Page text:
From Carleen Brice's "Tips on Writing and Working Full-Time," which is linked below: "I’m a little concerned about getting back in the habit of using my time wisely (no more Real Housewives for me!), but because I wrote my first novel while working full-time I know something important: it’s not really how much time we have, it’s what we do with it."
It’s here… April 1st! It is with both excitement and apprehension that I accept that fact. No, I’m not talking about April Fools’ Day, though each year, I remember a bit too late the relevance of that fact. This year, I’m interested in today because it is the beginning of Camp NaNoWriMo! Interested in participating? Check out http://www.campnanowrimo.org/. Or are you already participating and need their latest advice? Today’s post with encouragement is here: http://www.campnanowrimo.org/news/lets-get-started.
Participating in NaNoWriMo this past November (at www.nanowrimo.org) gave me the opportunity to finally devote large quantities of time to writing fiction. I started several days into the month, naively unaware of what a difference those few days could make. I realized too late that November is an extremely difficult time to make all of that extra work fit into an already packed schedule—Thanksgiving especially threw me off track and made me feel a bit frantic. However, as is often true, being naïve was advantageous—it gave me the courage and blind determination necessary to push through at any cost and meet my goal.
I finished my word count goal on November 26th and felt victorious. That lasted about half a minute, after which I began looking into the next steps of the process. I quickly discovered what all writers know entirely too well—the writing, challenging and draining as it might be, is certainly the easy part. It’s networking, establishing an “internet presence,” navigating twitter, and being to prepare a platform and put together a query letter that are the real obstacles (not to mention revision, as I’ve discussed on here in the past). If you’re interested in reading about the art of using twitter effectively, check out http://septuagenarianjourney.wordpress.com/. Jay Squires, the author of that blog, has a series of vivid posts that detail the nuances of tweeting and twitter. I have so much to learn! Phew!
Each passing day (in the wee morning hours and in the evening), I find myself searching for more time to research, read articles, read fiction—not to mention read, reflect on, write comments for, and score the latest batch of essays for my primary job, my teaching career. The more I explore, the more time I need.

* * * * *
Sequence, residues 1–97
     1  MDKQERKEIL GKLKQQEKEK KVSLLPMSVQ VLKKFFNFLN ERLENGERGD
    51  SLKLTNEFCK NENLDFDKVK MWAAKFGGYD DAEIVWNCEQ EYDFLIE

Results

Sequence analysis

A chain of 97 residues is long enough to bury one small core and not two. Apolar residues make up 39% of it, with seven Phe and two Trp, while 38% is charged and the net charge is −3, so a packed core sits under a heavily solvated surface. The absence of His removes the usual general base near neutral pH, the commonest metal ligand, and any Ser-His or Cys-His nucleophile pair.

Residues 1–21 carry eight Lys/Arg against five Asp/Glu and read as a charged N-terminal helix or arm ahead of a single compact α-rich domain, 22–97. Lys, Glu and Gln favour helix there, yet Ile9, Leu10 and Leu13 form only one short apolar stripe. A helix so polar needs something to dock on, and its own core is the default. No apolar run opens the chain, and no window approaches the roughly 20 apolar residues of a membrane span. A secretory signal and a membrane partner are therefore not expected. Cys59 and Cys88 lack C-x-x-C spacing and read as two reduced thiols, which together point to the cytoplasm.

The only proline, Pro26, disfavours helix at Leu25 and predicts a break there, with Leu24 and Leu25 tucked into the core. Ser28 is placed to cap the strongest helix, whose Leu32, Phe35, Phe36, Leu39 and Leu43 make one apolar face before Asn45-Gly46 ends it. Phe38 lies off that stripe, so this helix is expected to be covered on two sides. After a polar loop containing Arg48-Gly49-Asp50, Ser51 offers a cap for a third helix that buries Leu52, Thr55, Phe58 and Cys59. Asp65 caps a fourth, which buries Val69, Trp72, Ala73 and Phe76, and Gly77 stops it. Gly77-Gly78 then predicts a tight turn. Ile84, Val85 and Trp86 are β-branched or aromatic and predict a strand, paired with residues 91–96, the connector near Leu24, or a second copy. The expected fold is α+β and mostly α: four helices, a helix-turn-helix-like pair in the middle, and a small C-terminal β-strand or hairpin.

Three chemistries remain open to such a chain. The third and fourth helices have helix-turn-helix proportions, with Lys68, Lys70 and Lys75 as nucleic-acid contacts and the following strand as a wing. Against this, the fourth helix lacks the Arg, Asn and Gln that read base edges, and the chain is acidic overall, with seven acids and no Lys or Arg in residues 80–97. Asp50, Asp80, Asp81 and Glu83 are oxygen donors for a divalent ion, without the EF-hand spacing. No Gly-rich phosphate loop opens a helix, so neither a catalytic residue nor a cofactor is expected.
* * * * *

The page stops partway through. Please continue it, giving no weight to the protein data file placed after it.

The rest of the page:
The article “Tips for Writing and Working Full-Time” by Carleen Brice offers some useful encouragement and includes links to some other helpful sites: http://writerunboxed.com/2013/03/26/tips-for-writing-and-working-full-time/. I’m working on finding a balance between the rigid schedule approach and the “drink the Kool-Aid” approach.
The truth is that I am excited, especially after the past few months of looking at all of the other aspects of writing and publication, to get back to simply writing (not that it’s simple, but it’s direct and pure and a whole lot of fun). Good luck to all of the other NaNoWriMo campers!
So here goes! Day 1 and counting…
Spring is coming! Despite the 18 inches of snow that we experienced earlier this week, spring is coming voraciously toward us. The sun is bright and the melting snow blinds me and sounds like rain as it drips off of the balcony outside my window.
Revisions are like spring cleaning—a task that I despise and avoid at all costs.
This revision really sucker-punched me. Just as I thought that I would see the end (I had about 20 pages left and I thought I’d finish that evening), a nasty, unbearably insistent thought crept into my mind. The order was all wrong.
So, in a fit of passion, I ripped my revision to shreds, opened a new document, and reconstructed the pieces of my manuscript into a new narrative.
I’m starting to think of the manuscript(s)—all of them, really—as an entity, rather like a human being. Or more like lots of human beings together in an unpredictable landscape that constantly changes… Those beings and that place meld together into a single life force.
That life force, the manuscript, breathes and thinks on its own. It has a will more powerful than mine, and it is not altogether benevolent.
We fight. Most often, I lose.